The Unionists bitterly rejected it, arguing that Thatcher had not included them in the negotiations. They also rejected the proposal for an Intergovernmental Conference, fearing that Dublin would play a role in the levers of the Ulster government. The agreement, which was finally published in November 1985, represented the culmination of 18 months of negotiations which began at official level almost immediately after the publication of the New Ireland Forum report in May 1984. Along the way, there were the two Prime Ministers` Summits, their four informal meetings on the margins of the European Common Market Conferences, six meetings of Ministers and 35 between lower-level officials. Meanwhile, the British prime minister had also dealt intensively with the death in October 1984, when IRA bombs blew up the Brighton hotel where she and most of her cabinet were staying for a Conservative Party conference. “She made a very big decision when she agreed to sign the deal with Fitzgerald. And it took him a long time to get there. And it took a lot of time and persuasion to get them to this point.
The functioning of the Intergovernmental Conference has been carefully described. (The term “conference” has been used in place of the Council or the Commission, partly because the number and identity of ministers present should vary depending on the issues discussed, and partly because “conference” seems less structured and sustainable and could therefore be less intimidating for trade unionists.) The Intergovernmental Conference must meet at ministerial or official level, its meetings must be held “regularly and frequently” and its work “shall be carried out at the highest level”. The Irish Minister, who has been appointed Permanent Ministerial Representative of Ireland, and the British Secretary of State for Northern Ireland will be co-chairs. The Agreement establishes a joint secretariat to assist in the follow-up to the decisions of the Intergovernmental Conference and in the planning of future meetings. The creation of this secretariat with offices near the Northern Ireland Government Complex in Stormont means that for the first time since 1922, civil servants from the south of Ireland are working in the north. The failure of the Prior Assembly initiative made it clear to the British Prime Minister that if it were to take any action to change the unpromising dynamics of the situation in Northern Ireland, it would have to do so through an agreement with Dublin. In this sense, the 1985 agreement is an expression of British despair at the stubbornness and sterility of the Unionist position. The agreement was opposed on both sides of the Community.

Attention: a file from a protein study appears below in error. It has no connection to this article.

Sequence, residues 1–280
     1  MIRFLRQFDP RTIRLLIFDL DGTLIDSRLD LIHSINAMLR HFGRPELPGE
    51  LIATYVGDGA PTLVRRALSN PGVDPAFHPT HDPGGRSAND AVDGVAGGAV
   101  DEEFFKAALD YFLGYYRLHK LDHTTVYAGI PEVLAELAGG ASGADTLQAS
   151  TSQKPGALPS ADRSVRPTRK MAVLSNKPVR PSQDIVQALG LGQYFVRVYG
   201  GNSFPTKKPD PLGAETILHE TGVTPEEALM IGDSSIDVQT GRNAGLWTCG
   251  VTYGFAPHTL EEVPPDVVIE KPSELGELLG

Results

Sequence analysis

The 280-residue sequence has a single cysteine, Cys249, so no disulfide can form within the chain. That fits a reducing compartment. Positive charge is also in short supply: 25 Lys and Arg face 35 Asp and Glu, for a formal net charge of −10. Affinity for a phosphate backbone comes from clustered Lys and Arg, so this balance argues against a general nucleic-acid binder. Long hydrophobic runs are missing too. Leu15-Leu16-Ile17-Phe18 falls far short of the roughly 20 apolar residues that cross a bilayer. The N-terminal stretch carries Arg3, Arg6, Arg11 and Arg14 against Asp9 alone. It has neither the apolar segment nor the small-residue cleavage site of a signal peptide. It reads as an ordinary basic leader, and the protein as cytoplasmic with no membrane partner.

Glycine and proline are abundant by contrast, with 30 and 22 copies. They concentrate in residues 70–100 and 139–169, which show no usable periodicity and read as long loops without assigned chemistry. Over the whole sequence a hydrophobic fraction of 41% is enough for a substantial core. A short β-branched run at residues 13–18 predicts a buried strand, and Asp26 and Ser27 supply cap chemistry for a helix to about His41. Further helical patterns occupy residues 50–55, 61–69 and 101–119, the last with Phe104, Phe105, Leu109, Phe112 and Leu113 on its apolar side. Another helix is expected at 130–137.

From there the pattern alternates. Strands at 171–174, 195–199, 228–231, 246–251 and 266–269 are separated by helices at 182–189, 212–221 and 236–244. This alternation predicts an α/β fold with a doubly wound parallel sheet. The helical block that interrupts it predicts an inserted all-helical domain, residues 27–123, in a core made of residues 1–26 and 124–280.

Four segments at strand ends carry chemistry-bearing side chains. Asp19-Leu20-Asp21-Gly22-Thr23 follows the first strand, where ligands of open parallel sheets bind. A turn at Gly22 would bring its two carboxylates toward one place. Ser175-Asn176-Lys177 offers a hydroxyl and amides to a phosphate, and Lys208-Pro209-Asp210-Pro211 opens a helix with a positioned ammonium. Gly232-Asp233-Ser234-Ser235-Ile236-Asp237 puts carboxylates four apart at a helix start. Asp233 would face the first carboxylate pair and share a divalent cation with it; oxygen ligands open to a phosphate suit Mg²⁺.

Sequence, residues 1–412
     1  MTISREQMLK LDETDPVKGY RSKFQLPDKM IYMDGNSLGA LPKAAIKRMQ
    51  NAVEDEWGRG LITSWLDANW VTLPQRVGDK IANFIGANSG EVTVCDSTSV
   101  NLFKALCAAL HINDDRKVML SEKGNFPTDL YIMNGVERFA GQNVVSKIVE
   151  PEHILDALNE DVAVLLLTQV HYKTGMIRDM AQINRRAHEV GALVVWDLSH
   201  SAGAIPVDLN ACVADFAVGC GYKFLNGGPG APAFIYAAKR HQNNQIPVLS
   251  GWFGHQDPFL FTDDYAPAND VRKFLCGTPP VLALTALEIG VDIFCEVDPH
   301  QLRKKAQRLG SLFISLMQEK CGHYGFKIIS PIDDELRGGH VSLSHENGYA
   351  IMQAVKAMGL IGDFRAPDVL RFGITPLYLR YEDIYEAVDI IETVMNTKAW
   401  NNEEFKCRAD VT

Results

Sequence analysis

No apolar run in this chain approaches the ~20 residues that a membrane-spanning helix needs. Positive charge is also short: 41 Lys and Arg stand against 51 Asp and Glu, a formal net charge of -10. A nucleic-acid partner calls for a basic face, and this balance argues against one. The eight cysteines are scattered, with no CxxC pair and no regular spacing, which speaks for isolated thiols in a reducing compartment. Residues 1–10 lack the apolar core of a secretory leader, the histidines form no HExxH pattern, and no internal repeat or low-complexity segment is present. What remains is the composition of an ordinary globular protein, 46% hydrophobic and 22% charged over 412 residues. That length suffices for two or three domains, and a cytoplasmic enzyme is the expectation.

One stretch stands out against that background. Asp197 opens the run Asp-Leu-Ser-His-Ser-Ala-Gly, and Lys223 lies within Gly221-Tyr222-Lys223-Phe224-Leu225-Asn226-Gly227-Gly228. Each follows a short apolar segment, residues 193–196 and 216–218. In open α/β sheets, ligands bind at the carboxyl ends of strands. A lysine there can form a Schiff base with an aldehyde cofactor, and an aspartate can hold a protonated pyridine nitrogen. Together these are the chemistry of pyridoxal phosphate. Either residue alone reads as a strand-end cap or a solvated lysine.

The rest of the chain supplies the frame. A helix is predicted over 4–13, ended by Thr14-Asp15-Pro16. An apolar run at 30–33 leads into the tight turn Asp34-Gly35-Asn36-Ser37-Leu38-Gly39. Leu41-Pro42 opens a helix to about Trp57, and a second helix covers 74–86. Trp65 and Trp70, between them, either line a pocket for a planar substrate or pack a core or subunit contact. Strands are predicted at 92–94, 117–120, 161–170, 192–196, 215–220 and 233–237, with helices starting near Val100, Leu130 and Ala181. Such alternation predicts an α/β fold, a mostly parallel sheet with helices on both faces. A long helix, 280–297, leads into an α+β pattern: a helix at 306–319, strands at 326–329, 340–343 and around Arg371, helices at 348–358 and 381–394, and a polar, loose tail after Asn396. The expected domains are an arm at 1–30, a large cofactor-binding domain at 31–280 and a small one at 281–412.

It was rejected by the Unionists because it gave the Republic a role in the administration of the six counties, while the Republicans rejected it because it confirmed Northern Ireland as part of the United Kingdom. The Irish government has also given a voice to the nationalist minority in the way Northern Ireland is governed. .